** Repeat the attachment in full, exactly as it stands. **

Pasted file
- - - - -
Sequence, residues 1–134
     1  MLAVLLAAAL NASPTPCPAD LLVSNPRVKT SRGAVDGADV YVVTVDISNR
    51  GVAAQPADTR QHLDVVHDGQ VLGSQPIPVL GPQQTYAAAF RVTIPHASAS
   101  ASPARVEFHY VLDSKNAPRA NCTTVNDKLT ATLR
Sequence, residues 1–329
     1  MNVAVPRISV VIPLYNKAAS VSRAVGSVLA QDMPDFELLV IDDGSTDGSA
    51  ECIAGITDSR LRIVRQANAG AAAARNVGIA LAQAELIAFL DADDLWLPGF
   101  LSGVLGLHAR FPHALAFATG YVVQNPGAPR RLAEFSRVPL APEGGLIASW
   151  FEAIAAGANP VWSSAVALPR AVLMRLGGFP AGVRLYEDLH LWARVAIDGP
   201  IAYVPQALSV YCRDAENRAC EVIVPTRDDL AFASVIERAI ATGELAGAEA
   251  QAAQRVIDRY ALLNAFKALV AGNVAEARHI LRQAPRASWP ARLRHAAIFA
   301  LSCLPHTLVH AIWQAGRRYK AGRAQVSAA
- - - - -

Sequence, residues 1–134
     1  MLAVLLAAAL NASPTPCPAD LLVSNPRVKT SRGAVDGADV YVVTVDISNR
    51  GVAAQPADTR QHLDVVHDGQ VLGSQPIPVL GPQQTYAAAF RVTIPHASAS
   101  ASPARVEFHY VLDSKNAPRA NCTTVNDKLT ATLR
Sequence, residues 1–329
     1  MNVAVPRISV VIPLYNKAAS VSRAVGSVLA QDMPDFELLV IDDGSTDGSA
    51  ECIAGITDSR LRIVRQANAG AAAARNVGIA LAQAELIAFL DADDLWLPGF
   101  LSGVLGLHAR FPHALAFATG YVVQNPGAPR RLAEFSRVPL APEGGLIASW
   151  FEAIAAGANP VWSSAVALPR AVLMRLGGFP AGVRLYEDLH LWARVAIDGP
   201  IAYVPQALSV YCRDAENRAC EVIVPTRDDL AFASVIERAI ATGELAGAEA
   251  QAAQRVIDRY ALLNAFKALV AGNVAEARHI LRQAPRASWP ARLRHAAIFA
   301  LSCLPHTLVH AIWQAGRRYK AGRAQVSAA